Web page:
Several months ago during a Friends committee meeting, the subject of Fred Hamilton came up, and we soon realized that no one in the group had a firm idea of who our largest park’s esteemed namesake was, or how it came to be named after him. Partly for fun (and fundraising), and partly to engage locals and the wider public on this topic, we had some t-shirts printed up with the burning question, “Who is Fred Hamilton?” on the front. For good measure, we added “Who is George Ben?” on the back, as further discussion revealed a knowledge gap on the namesake of our second largest park as well.
As they say, ask and ye shall receive: soon after the t-shirts became available online, we received an email from Fred Hamilton – not the park’s namesake, of course, but his son, whom we featured in our last post. As it turns out, he’s been interested in the upgrading of Fred Hamilton playground, had encouraged the Parks Department to improve the signage last year, and contributed funds to install two benches and a commemorative tree in the north end of the park. We are honoured to have him attending our upcoming meeting this Wednesday.
In advance of the meeting, we’re posting a wonderful bio that Fred Hamilton has written about his father, as a way to answer the question on our t-shirts. Many thanks to Mr. Hamilton for filling in the blanks on his father, a role model and important figure in local Toronto history.
Fred Hamilton was a celebrated athlete and well respected Alderman and Controller for the City of Toronto. He was dedicated to enhancing its facilities and particularly Toronto’s parks, sports sites and playgrounds for the benefit of young people.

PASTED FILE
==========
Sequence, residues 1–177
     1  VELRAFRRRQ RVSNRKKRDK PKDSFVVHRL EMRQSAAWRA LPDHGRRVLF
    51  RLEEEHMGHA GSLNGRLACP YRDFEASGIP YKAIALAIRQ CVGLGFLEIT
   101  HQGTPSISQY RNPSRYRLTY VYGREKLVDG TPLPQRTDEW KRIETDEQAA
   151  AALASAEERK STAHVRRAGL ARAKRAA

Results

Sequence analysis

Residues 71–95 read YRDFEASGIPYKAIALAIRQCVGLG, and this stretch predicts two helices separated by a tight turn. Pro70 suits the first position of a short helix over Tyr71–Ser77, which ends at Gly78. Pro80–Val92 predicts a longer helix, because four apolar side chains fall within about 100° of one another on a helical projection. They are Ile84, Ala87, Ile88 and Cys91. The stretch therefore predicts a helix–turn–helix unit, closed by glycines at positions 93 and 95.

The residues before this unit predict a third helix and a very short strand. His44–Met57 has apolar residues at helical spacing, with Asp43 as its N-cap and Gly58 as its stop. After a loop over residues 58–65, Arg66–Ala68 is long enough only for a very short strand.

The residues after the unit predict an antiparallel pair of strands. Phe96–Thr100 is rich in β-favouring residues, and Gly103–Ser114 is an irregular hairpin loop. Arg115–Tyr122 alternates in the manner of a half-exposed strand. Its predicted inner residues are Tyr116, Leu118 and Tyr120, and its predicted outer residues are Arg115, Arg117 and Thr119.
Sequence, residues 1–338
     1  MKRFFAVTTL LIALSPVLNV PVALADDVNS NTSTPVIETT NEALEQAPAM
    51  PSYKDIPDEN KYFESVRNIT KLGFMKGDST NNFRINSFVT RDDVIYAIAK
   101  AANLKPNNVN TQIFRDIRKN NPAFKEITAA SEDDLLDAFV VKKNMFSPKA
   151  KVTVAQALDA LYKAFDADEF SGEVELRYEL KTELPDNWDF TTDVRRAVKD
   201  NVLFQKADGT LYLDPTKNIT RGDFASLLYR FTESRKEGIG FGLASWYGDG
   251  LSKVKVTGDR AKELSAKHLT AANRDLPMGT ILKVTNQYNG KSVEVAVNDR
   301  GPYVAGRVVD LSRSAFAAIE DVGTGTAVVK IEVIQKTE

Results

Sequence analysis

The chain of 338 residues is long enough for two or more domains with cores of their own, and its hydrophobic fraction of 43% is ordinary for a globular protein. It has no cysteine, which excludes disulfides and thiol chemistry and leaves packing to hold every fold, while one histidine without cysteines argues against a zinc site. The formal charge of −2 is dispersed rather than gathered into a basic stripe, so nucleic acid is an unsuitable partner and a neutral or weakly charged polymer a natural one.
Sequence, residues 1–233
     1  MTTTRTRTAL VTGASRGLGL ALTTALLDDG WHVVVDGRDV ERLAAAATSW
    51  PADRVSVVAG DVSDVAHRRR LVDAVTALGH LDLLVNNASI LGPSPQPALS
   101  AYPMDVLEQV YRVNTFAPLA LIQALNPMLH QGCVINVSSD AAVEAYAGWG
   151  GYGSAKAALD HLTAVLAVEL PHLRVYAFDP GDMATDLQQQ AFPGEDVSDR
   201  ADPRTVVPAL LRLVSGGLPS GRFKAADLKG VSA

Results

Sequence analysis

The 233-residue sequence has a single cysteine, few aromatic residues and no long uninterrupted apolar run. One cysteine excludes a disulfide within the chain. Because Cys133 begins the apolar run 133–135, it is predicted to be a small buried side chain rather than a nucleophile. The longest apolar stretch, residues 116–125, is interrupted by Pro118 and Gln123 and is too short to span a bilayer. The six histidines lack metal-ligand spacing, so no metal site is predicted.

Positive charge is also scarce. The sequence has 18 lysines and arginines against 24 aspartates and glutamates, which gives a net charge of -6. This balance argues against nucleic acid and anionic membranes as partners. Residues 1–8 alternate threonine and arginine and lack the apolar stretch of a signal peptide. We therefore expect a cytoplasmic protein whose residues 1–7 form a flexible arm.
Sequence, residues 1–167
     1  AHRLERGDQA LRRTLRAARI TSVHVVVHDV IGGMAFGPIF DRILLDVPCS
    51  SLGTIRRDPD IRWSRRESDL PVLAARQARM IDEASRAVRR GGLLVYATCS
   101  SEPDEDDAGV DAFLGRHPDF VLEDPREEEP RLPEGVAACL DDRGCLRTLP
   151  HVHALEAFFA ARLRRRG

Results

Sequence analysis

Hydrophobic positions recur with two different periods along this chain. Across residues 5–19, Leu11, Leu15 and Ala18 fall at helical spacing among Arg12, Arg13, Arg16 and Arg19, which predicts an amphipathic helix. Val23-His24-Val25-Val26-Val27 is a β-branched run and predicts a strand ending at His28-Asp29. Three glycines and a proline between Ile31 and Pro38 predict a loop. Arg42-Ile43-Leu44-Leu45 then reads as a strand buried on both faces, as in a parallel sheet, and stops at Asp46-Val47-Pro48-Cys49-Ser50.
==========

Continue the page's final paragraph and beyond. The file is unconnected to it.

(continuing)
Fred was born in Toronto in 1893 of Irish heritage, his grandparents having emigrated from Ireland in the 1850’s during the Potato Famines that gripped that Country. Margaret McMahon and Charles Hamilton, his parents, had a family of five children and lived in very modest circumstances at Bay and Queen Streets. Charles died of a heart attack at a young age so the family had to struggle on its own without him. Fred spent every waking moment in Toronto’s sports arenas — principally the baseball diamonds where he excelled from an early age.
His career can be best summed up in the words of the Souvenir Booklet of the Osler Baseball Club for its 1926 Western Tour, having been Champions in 1924-1925 in Toronto, in 1924 of Ontario and in 1924 and 1925 internationally:
“Fred Hamilton — Manager — has been Manager of the Osler’s for four years. Hamilton quit playing actively two years ago at the height of his career, and in his day was the outstanding second and third baseman in the city. A dangerous hitter in the pinch and the best judge of pitching that ever stood at the plate in Toronto. He was always the leadoff hitter for every team he ever played with and in his first four years of Senior Ball he was never struck out. He has played on more championship clubs than any other player and whether he was manager or player on the team, his work always stood out. Hamilton is looked on as the shrewdest manager in Eastern Canada and it is really his good selection of players that has made Osler’s the outstanding team that they are today.”